We recently sat down with Johnna Major, KMA HR Consultant, to discuss the importance of high quality communications in retaining talent – especially in today’s chaotic employment environment. She offers thoughtful insights for creating an effective internal communications strategy.
Q: We’re seeing a lot of turnover in companies. What can employers do to retain their most valued employees?
JM: There’s been a lot of talk about the Great Resignation lately and the impact it’s having on businesses. With nearly 4 million people leaving their jobs in June alone, you can understand why. There is a perception that there is a mass exodus underway, and while we are seeing many employees leaving their jobs to go to other companies, start their own business or leave the workforce entirely, a recent Gallup survey showed that levels of employee engagement are actually higher now, at 36% compared with 26%, in 2000. That still leaves a significant segment of the workforce that is disengaged and actively looking for (or open to) new opportunities. And while higher pay is a motivator, it’s usually not the driver for an employee to make a change. Gallup cites growth/mentorship, connection to your company’s mission and values, and strong friendships at work as effective ways to retain employees.
There is one tool that can support all these elements of engagement: high quality internal communications.
If you’ve ever worked at a company with weak internal communications, you know the frustration and disengagement it can create. Today’s employees want to feel allied to the mission and purpose of the company, and if that’s not communicated on a regular basis, they will feel like a cog in the wheel.
Q: What do companies need to think about for their internal communications strategy?
JM: There is no one size fits all approach. Companies need to understand their employees and the best way to reach them. This will depend on the type of work that is being done, where employees are located (a single office or a multi-state or multi-national operation), and how much of their work is done remotely.
Any communications strategy should focus on keeping employees up to date about what’s going on in the company. As for frequency, a weekly gathering – in person or over Zoom – can help keep everyone apprised of customer news, company initiatives, or policy changes. A daily meeting may be needed for a manufacturing operation to ensure that all employees are clear about the day’s priorities, customer needs, and changes to processes.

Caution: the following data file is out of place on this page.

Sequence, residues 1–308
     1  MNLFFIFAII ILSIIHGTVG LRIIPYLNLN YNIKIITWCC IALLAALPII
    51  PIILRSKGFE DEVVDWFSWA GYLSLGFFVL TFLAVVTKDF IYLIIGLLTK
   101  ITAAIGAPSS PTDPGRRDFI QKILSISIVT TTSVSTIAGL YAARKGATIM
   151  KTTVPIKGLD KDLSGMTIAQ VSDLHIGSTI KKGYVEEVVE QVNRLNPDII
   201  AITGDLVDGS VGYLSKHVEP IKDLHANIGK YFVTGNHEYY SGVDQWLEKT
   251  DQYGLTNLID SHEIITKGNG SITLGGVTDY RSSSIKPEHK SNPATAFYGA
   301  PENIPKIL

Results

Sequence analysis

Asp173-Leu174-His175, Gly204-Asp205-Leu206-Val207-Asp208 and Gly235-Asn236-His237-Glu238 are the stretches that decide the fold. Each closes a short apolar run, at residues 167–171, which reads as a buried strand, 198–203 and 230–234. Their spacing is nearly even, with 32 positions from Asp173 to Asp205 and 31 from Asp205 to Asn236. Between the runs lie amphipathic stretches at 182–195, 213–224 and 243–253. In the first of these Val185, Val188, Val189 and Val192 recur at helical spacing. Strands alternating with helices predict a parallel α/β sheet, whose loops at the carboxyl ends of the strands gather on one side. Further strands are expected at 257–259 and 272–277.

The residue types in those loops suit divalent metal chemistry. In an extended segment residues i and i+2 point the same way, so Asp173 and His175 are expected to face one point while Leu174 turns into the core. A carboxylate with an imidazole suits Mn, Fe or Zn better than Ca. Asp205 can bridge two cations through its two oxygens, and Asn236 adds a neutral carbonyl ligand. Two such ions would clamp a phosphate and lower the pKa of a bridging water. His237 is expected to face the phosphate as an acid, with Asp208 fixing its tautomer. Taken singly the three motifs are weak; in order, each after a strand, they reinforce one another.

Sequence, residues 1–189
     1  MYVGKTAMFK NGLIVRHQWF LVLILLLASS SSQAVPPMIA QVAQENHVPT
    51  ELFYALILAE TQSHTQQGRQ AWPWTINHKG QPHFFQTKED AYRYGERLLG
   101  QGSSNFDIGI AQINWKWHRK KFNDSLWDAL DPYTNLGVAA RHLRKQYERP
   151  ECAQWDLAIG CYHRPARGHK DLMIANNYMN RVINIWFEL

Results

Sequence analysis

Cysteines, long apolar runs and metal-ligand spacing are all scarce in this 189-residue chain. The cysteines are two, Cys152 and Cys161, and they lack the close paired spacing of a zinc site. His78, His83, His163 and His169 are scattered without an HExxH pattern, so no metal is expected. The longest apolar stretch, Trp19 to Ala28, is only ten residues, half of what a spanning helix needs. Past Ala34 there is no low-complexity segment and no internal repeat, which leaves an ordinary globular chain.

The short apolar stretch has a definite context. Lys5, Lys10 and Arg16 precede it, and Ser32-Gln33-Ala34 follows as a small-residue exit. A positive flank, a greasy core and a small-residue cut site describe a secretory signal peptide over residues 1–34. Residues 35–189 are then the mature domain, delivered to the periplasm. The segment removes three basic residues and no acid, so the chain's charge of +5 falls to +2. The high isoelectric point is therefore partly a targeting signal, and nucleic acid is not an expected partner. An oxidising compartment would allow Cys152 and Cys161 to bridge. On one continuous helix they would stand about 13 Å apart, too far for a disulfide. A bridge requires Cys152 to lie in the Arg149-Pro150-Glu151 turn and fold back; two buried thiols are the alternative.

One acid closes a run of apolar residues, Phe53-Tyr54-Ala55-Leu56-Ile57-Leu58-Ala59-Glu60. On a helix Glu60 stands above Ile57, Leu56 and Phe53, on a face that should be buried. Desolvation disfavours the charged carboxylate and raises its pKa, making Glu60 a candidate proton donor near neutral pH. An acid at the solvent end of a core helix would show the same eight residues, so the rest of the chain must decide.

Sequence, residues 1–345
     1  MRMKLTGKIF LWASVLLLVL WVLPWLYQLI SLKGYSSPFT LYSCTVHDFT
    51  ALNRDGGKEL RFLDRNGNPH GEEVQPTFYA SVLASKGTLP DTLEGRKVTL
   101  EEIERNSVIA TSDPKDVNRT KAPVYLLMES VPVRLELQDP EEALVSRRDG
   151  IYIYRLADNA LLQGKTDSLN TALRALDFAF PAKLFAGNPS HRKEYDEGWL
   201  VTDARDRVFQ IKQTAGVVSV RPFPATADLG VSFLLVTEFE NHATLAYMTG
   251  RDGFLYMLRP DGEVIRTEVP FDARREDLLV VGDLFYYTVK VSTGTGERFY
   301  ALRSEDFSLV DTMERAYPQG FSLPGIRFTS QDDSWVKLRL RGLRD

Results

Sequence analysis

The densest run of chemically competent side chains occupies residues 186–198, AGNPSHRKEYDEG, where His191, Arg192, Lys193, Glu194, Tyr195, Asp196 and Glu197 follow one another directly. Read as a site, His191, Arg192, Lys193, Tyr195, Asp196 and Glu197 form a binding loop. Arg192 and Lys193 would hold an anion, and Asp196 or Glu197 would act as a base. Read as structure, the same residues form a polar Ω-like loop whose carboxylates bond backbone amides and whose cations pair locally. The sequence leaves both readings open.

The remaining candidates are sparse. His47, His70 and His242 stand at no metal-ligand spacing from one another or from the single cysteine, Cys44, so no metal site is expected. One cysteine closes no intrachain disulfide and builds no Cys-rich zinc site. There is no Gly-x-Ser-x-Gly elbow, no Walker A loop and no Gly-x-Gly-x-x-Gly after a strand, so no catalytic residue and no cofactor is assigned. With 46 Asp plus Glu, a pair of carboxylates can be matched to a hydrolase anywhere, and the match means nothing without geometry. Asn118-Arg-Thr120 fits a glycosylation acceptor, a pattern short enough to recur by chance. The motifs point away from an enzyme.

Leadership should personalize communications as much as possible and invite questions or give employees the opportunity to weigh in. Finding ways to do group calls or meetings is the best way for you to communicate to your team, and it has the added benefit of letting them get to know you as a person and leader as well.
Some other options are a weekly or bi-weekly email or internal newsletter. This is another good way to share key updates and is an opportunity to spotlight employees, recognizing their professional contributions, and also share personal updates (vacations, milestones, photos, etc.). Especially in large, spread out organizations, this kind of personal content can foster a stronger sense of community.
Remember too that any communication strategy needs to be a two-way strategy. It’s not only letting employees know what’s going on at the company, but it’s listening to their ideas and concerns and ensuring that they feel heard. It doesn’t mean that management has to implement what employees are suggesting (and employees will not always like management decisions), but the transparency of explaining decisions helps employees learn and grow and it often generates respect for some of the hard decisions business owners have to make. It’s also important for managers to spend time with their employees to get to know them, their career goals, and what their frustrations are so that you can address them in real time, not when they are giving you their notice.
Q: Why do you think it’s so hard for companies to do internal communications well?
JM: I think a lot of leaders and managers are overwhelmed and feel like there’s not enough time, or that it takes away from productivity. But good communications doesn’t require a lot of time and, when done well, can actually improve productivity. Consider the time and energy employees might expend trying to get to an answer or correcting mistakes due to a lack of communication.
Some CEOs feel the need to manage and control all the communications. And while there are certain things that should be communicated by the top executive (major company announcements, policy changes, etc.), many communications can be handled by managers if they are given good direction and talking points to use with their staff.
Keep in mind the main goals with internal communications are to: provide essential information on a consistent frequency; create community and a sense of belonging; and foster employee engagement and retention through transparency and authenticity. It doesn’t have to be complicated.
Thanks for the great insights, Johnna!